Patient advocate and author Patrick Malone talks about his book, The Life You Save: Nine Steps to Finding the Best Medical Care-and Avoiding the Worst. It’s about how to keep from being a victim of medical errors. We’ll also talk with novelist Lionel Shriver about her new novel, SO MUCH FOR THAT. It’s about health insurance gone very wrong. And Martin Espada, Richard Wilbur and other poets read at a benefit for the children of Gaza. Continue reading
Thomas Rice tells us about FAR FROM THE LAND: AN IRISH MEMOIR. He left his beautiful but hardscrabble family farm to emigrate to America in 1959. Also, we hear excerpts from a 2008 interview with Alphie McCourt about his memoir, A LONG STONE’S THROW. Continue reading
In the spring of last year, Christian McEwen interviewed the poet, Marianne Boruch when she came to Smith College for its poetry reading series. Boruch is the author of seven volumes of poetry, as well as two volumes of prose. She was born in Chicago, grew up in a Polish Catholic family, and was already writing poems by the time she was in high school. Her work is strongly influenced by her Catholic childhood, as well as by her love of nature, and her interest in dreams. “I think we get into a dream state when we are writing,” she says. “We drop down under the surface and connect with that other realm.”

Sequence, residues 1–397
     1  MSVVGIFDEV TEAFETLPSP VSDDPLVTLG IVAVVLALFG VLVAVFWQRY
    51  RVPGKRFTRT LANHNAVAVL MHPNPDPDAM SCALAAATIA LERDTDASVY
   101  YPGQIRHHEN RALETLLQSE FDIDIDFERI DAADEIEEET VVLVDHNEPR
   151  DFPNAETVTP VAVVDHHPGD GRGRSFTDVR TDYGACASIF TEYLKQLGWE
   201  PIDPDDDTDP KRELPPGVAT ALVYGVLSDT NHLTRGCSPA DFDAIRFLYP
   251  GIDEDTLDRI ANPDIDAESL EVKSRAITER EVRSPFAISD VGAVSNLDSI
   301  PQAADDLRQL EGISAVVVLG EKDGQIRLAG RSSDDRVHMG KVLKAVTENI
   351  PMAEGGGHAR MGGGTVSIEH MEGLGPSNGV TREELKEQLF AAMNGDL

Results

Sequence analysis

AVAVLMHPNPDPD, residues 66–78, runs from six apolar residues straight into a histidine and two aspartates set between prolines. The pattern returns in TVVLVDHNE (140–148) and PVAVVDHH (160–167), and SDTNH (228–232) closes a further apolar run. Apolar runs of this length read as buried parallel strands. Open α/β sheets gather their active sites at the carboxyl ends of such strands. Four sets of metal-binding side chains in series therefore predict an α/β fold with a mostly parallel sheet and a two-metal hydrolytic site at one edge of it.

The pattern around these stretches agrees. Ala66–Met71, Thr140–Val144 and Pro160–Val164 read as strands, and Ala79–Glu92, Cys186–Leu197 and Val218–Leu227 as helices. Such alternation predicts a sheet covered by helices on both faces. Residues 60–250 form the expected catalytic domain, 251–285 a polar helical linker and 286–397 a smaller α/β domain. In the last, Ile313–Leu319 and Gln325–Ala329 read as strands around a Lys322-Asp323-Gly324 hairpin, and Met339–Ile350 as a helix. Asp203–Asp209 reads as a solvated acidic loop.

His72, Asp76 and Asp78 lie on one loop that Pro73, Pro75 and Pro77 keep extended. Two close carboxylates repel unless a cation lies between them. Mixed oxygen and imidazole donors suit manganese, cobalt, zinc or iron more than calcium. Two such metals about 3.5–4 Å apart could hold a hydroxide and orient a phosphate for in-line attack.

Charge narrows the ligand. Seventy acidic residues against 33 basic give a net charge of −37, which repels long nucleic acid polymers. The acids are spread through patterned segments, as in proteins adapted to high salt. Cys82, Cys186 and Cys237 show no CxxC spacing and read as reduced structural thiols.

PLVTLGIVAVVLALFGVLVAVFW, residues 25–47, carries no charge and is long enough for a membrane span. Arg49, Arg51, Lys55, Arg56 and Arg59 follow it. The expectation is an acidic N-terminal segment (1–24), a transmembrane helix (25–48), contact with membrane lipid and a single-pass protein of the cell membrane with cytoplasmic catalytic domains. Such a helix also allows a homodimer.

“I’d like to say I’m of the begging bowl theory of poetry. You put out your begging bowl and see what drops into it. I really don’t want to know where the poem is going. And of course revision is a great thing. You get a draft and start tinkering and find out where it really wants to go.”
Boruch currently teaches in Purdue University’s MFA program, and through the non-residential program for writers at Warren Wilson College. Her most recent book is [amazon-product text=”GRACE, FALLEN FROM” type=”text”]0819569534[/amazon-product].
This interview is part of a series of interviews of poets Christian McEwen is doing, called Sparks from the Anvil. Writers Voice is hosting several of the interviews. Sparks from the Anvil features poets who appear at Smith College’s poetry reading series.
Marijuana policy activist Mason Tvert talks with host Francesca Rheannon about the book he co-wrote, MARIJUANA IS SAFER: So Why Are We Driving People to Drink? It says marijuana should be treated legally no different than alcohol. And Peter Vickery tells us about his historical thriller, MADISON HOPPER AND THE AFRICAN AMERICAN BLOOD BROTHERHOOD. It’s the first in a mystery series about the struggle for civil rights in the early years of the 20th century. Continue reading
Mark Lamster reads an excerpt from MASTER OF SHADOWS: The Secret Diplomatic Career of Peter Paul Rubens.
Mark Lamster talks with host Francesca Rheannon about the great Flemish Baroque painter Peter Paul Rubens’ career as an unofficial diplomat for the Spanish Crown. And mystery writer S.J. Parris tells us about Renaissance scientist Giordano Bruno’s visit to Oxford in 1583. She spins a murder mystery around the visit and around Bruno’s mission as a spy for the English Crown. Continue reading